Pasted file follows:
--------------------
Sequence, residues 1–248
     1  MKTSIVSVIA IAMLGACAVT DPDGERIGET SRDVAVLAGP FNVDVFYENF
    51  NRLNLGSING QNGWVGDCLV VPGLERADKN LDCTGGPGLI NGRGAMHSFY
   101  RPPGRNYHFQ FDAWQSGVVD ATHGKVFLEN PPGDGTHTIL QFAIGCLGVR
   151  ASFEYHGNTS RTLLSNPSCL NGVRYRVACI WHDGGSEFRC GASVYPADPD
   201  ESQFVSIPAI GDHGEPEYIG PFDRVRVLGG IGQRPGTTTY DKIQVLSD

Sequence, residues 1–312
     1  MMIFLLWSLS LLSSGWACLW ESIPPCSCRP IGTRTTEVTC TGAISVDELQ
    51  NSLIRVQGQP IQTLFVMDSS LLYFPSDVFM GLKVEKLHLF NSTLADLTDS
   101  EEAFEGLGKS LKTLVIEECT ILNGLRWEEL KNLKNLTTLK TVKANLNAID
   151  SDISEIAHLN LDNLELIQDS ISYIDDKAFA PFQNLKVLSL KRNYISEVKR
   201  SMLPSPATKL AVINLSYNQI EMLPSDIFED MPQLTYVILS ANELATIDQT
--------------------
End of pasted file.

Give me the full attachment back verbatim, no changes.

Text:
Sequence, residues 1–248
     1  MKTSIVSVIA IAMLGACAVT DPDGERIGET SRDVAVLAGP FNVDVFYENF
    51  NRLNLGSING QNGWVGDCLV VPGLERADKN LDCTGGPGLI NGRGAMHSFY
   101  RPPGRNYHFQ FDAWQSGVVD ATHGKVFLEN PPGDGTHTIL QFAIGCLGVR
   151  ASFEYHGNTS RTLLSNPSCL NGVRYRVACI WHDGGSEFRC GASVYPADPD
   201  ESQFVSIPAI GDHGEPEYIG PFDRVRVLGG IGQRPGTTTY DKIQVLSD

Sequence, residues 1–312
     1  MMIFLLWSLS LLSSGWACLW ESIPPCSCRP IGTRTTEVTC TGAISVDELQ
    51  NSLIRVQGQP IQTLFVMDSS LLYFPSDVFM GLKVEKLHLF NSTLADLTDS
   101  EEAFEGLGKS LKTLVIEECT ILNGLRWEEL KNLKNLTTLK TVKANLNAID
   151  SDISEIAHLN LDNLELIQDS ISYIDDKAFA PFQNLKVLSL KRNYISEVKR
   201  SMLPSPATKL AVINLSYNQI EMLPSDIFED MPQLTYVILS ANELATIDQT